November 7, 2021

Malka Chouffe: An Israeli-Belgian collab beer

Malka Chouffe
Belgian Blond Ale:
The new 
collab beer.

The celebration of Hacarem Spirits' 100th anniversary continues with a second collaboration beer between an Israeli and a European brewery.  Malka Brewery in the Tefen Industrial Park has teamed up with the Achouffe Brewery in Belgium to produce a spiced Belgian Blond Ale, known as Malka Chouffe.  

Earlier this year, the Negev Brewery, which is in the Malka facility, collaborated with Mikkeller in Denmark to make the Desert Haze New England-style IPA.  Hacarem is a major importer and marketer of beer, wine, spirits and food (including Chouffe and Mikkeller beers), as well as holding interests in the Malka and Negev breweries.  [Read more about the Desert Haze collaboration here.] 

Three thousand liters of Malka Chouffe were brewed and bottled at the Duvel-Moortgat Brewery in Belgium and all bottles were shipped to Israel.  

To find out more about this collaboration, I spoke with Ravid Rose, the product manager for Belgian beers at Hacarem, who was involved from the beginning of the process. 

"Achouffe has never collaborated with another brewery to make a beer," she told me.  "When we approached them with the idea, via Zoom, about a year ago, they refused.  But then Duvel, which owns Achouffe, opened a new brewery which is able to experiment with smaller quantities.  They agreed to work with us."

Ravid and Maor Helfman, Hacarem's brand manager for Israeli beers, zoomed with Achouffe brewers to produce a recipe for a Belgian Blond Ale similar to the regular La Chouffe Blond and the Malka Blond Ale. 

"The Malka Chouffe is somewhere between the two," Ravid explained.  "It is less sweet than the La Chouffe Blond and more spiced.  We used cloves and thyme, while the La Chouffe Blond includes coriander seeds, an ingredient usually found in Belgian Blond and Wheat ales.  Both of the beers are 8% alcohol."

The branding was done by the Belgian brewery.  The label still has Marcel, the famous Chouffe gnome, but he is carrying a glass of beer with the Malka crown towards the queen's palace.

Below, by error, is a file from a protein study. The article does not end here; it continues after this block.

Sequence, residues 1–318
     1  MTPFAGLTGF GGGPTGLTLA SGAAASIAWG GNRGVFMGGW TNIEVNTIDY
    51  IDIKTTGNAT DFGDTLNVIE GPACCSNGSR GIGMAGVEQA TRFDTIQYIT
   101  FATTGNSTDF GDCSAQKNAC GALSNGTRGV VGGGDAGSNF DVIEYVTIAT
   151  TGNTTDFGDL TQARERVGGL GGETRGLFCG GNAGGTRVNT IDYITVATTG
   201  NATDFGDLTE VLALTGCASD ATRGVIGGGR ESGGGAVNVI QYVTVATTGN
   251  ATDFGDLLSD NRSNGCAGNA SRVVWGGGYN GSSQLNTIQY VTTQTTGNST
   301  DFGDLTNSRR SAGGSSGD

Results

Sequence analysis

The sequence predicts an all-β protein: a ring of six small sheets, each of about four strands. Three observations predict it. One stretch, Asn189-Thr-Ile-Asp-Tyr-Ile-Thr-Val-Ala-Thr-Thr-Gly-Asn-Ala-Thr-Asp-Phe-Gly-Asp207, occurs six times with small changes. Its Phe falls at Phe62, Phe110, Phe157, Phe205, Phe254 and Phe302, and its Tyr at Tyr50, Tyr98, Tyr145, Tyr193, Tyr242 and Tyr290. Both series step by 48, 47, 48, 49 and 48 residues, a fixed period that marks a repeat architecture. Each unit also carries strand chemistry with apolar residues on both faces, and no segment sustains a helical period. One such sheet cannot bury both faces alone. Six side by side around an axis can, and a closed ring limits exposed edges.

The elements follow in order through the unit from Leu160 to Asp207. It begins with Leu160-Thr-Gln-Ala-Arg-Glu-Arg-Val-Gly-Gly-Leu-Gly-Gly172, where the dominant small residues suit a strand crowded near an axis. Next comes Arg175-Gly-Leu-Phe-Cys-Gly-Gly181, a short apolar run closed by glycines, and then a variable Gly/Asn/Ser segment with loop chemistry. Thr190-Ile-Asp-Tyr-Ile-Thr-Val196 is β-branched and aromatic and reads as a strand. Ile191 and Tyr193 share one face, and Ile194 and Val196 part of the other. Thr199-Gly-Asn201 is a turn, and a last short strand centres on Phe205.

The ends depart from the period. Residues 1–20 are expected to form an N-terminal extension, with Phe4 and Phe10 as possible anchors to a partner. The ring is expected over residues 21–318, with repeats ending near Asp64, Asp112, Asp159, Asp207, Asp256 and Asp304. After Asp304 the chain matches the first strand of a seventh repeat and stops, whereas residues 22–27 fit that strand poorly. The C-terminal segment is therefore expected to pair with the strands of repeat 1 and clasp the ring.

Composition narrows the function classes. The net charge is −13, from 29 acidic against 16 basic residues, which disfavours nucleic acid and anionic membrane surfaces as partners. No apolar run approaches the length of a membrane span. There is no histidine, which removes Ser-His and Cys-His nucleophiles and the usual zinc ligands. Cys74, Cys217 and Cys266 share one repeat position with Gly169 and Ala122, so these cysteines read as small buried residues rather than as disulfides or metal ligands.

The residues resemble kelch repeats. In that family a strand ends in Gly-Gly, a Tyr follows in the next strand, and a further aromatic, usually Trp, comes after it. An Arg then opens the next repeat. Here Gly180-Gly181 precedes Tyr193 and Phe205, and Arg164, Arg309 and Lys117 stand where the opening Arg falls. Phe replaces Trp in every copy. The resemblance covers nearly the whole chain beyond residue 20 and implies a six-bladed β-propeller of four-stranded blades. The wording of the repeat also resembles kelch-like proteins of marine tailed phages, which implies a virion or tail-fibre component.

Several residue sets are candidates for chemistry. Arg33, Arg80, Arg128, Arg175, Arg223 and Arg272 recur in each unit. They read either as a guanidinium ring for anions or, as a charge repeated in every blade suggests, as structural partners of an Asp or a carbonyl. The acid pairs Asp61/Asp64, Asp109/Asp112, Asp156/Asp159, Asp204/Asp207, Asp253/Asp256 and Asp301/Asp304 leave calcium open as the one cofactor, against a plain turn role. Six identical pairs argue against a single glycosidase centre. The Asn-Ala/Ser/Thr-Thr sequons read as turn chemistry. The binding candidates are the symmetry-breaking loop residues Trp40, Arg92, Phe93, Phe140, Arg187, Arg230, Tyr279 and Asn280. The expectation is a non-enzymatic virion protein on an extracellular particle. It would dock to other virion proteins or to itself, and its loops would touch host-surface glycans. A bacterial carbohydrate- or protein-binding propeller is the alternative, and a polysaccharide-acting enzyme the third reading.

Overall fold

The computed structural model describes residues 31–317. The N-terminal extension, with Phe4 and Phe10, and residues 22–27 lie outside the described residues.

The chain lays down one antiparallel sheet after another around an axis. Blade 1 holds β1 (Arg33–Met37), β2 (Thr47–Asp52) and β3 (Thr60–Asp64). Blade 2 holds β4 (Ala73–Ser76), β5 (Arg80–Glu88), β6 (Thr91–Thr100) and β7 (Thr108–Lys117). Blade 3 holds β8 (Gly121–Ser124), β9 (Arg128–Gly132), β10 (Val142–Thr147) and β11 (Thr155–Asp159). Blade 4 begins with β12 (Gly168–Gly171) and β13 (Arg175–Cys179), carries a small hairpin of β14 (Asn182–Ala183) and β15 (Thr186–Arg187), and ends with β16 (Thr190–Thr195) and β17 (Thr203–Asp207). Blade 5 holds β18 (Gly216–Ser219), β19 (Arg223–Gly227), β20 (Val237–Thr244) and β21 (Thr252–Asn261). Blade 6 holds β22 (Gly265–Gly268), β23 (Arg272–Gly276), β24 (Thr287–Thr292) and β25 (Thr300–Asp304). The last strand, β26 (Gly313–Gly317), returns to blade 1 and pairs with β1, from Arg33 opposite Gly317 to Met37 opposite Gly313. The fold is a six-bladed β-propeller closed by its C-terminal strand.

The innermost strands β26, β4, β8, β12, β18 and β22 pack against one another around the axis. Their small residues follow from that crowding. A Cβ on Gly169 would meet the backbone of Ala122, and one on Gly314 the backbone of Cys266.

(A language lesson would help at this point: Chouffe in this Flemish dialect means "gnome," and Malka in Hebrew means "queen."  Everything clear now?)  

A side-by-side tasting of Malka Chouffe and
La Chouffe Belgian Blonde Beer.

I thought it would be interesting to do a comparative tasting between the new Malka Chouffe and the regular La Chouffe Blond Ale.  With my tasting partner Moshe, I poured glasses of the two Belgian-brewed beers side by side.

First thing you notice is the color.  The Malka Chouffe is about two shades darker.  The aromas are similar -- with Malka Chouffe emphasizing the spiciness of the hops and some lemon.  La Chouffe Blond smells maltier and less spicy.  The taste of the Malka version also begins with spice and herbs, but then moves into sweet.  Moshe called it "lemon drops."  There was also some fruity esters from the Belgian yeast, perhaps banana.  

Marcel, the Chouffe gnome, brings a glass of
Malka Chouffe to the queen's palace.

We found that the regular La Chouffe Blond was less spiced, less harsh in the mouthfeel, and basically more balanced.  Moshe preferred it over the Malka Chouffe.  I enjoyed the two of them in different ways, and will defer to the education in the art of diplomacy I received those many years ago at the Georgetown University School of Foreign Service.  

Collaboration beers are not necessarily any better than beers developed by a single brewery.  And let's be honest: A lot of it is hype and marketing.  But they generate interest in the breweries involved, create fraternity among different brewers, and even introduce a wider public to the world of craft beer.

Hacarem already is the common element between the Malka and Achouffe Breweries, and so a collaboration beer is a great idea  -- with very tasty results.  I understand we can expect an additional collab beer or two within the framework of Hacarem's centennial anniversary.              

1 comment:

Thanks for your comment. L'chayim!